The sphere of **Aconite in bronchitis is limited to the onset of the affection, and here it must be distinguished carefully from other remedies also suitable to this stage. When, as a result of checked perspiration, exposure to cold, drafts or dry, cold winds, a cold is taken starting in with a coryza, frequent sneezing, chilliness, restless sleep, full, hard pulse, and the characteristic mental condition, Aconite will come in, though its stage is a brief one is usually over before the physician sees the case. It is of use, therefore, only before the inflammation is localized. Dr. Pope says that **Aconite will often prevent the development of a thorough bronchitis. If the cases are characterized by lassitude and physical weakness and indisposition with a full flowing pulse and moderate congestion, then **Aconite is supplanted by **Gelsemium. Often times it is difficult to determine which of these remedies is indicated, when **Ferrum phosphoricum must be considered, and more especially so in the bronchitis of children, where it will often check the trouble. It stands therefore, midway between **Aconite and Gelsemium, with less restlessness and bounding pulse than the former and less flowing pulse and drowsiness than the latter remedy. It corresponds to cases where every little cold adds to trouble, the cough is short and dry, the lungs are sore, and the breathing is somewhat oppressed.
**Veratrum viride suits violent cases from the first where there is high temperature, full, hard rapid pulse, and great heat of the body. It differs from **Aconite in having no anxiety and no restlessness. When the arterial turgescence is over its period of usefulness is past.
**Belladonna suits cases of bronchitis with a violent fever, short, dry, continual, distressing cough, worse at night and on lying down, where the breathing is irregular and hurried, no expectoration, or, if present, it is apt to be bloodstreaked, fulness in chest without any pain, though children will cry when coughing, the skin is hot and inclined to moisture, not dry like **Aconite or Veratrum viride. There is a tendency to drowsiness, the patient does not sleep, but dozes in semiconscious manner and starts frequently. Do not be too great hurry a change to another remedy when the cough is spasmodic and the child cries after each paroxysm. **Belladonna is still the remedy.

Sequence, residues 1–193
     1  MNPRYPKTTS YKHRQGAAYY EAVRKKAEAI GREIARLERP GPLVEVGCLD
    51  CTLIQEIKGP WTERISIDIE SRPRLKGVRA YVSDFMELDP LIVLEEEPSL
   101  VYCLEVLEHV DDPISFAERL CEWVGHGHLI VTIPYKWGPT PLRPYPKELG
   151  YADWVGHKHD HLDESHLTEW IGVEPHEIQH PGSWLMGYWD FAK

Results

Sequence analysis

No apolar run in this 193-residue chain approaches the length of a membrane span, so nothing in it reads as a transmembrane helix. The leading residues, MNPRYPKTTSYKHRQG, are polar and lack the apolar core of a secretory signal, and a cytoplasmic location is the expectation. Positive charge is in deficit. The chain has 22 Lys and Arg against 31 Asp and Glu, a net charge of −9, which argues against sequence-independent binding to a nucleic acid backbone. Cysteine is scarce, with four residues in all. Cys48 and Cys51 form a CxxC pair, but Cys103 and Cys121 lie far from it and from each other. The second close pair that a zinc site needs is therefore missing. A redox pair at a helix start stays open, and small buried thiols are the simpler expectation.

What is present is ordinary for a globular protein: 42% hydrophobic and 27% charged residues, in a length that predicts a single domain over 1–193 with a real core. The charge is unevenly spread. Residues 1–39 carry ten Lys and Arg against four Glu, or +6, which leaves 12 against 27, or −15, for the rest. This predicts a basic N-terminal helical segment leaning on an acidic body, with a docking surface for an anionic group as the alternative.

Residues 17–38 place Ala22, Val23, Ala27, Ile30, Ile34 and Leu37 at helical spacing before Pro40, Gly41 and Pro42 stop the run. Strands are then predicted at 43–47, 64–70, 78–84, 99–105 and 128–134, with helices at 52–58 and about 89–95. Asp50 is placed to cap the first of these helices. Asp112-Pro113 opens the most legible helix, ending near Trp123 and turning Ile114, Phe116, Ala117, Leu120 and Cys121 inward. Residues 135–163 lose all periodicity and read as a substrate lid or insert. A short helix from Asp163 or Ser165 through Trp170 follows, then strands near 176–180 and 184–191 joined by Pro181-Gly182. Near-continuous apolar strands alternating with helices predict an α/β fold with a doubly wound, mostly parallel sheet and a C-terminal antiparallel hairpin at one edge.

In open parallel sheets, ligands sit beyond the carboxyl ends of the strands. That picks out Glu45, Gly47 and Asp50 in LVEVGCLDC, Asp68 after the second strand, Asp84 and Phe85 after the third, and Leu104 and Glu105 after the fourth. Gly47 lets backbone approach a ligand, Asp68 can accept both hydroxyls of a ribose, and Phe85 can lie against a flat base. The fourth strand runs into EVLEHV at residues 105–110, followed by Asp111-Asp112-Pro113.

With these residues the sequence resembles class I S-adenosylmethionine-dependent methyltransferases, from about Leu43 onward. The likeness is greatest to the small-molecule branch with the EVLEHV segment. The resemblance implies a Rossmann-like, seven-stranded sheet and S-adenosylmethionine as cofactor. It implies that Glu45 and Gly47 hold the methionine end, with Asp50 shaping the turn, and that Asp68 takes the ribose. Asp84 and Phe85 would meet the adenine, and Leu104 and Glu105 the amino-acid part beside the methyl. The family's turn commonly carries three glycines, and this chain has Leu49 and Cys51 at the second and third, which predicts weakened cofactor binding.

Probably this remedy is seldom indicated in pure bronchitis, though very frequently given. It is of especial good service when the cough is very severe,***hurting the head and distant parts of the body. The patient presses the hands on the sides of the chest while coughing to relieve the pain. There is great pressure over the sternum, dyspnoea, and a dry cough, which seems to start from the stomach. It is worse after a meal and there is but little expectoration. The cough is more the result of an irritation in the larger bronchi than in the finger tubes, and the hacking produces sore spots in the trachea and chest. Stitching pains in the sides, of course, further indicate **Bryonia. The cough is aggravated by coming into a warm room from the cold air. Hughes says that it is the best remedy after **Aconite for what is known as a cold on the chest. If the expectoration becomes copious, loose, thick and muco-purulent, **Pulsatilla may be indicated; if accompanied by nausea and vomiting of mucus, then give **Ipecacuanha, esp. in a children especially bronchitis following measles and whooping cough, **Chelidonium is an excellent medicine.
Especially suitable to sub-acute and lingering cases in delicate, tall, slender, overgrown or phthisical subjects. It thus suits non- resistant individuals. There is a paroxysmal cough with pain under the sternum, suffocative pressure in the upper part of the chest with constriction of the larynx, hoarseness, mucous rales, bloody and mucous sputum or purulent, having a salty or sweetish taste; patient better after sleep. The respiration is embarrassed and the tendency is toward pneumonia. **Rumex has a tickling in the supra-sternal fossa; any change in breathing causes cough; must breathe warm air to avoid coughing. With **Phosphorus the cough is worse after meals, and a guiding symptom is soreness and rawness of the chest; the cough is also worse going into the open air, being the reverse of **Bryonia. Talking, or any use of the voice, aggravates the cough.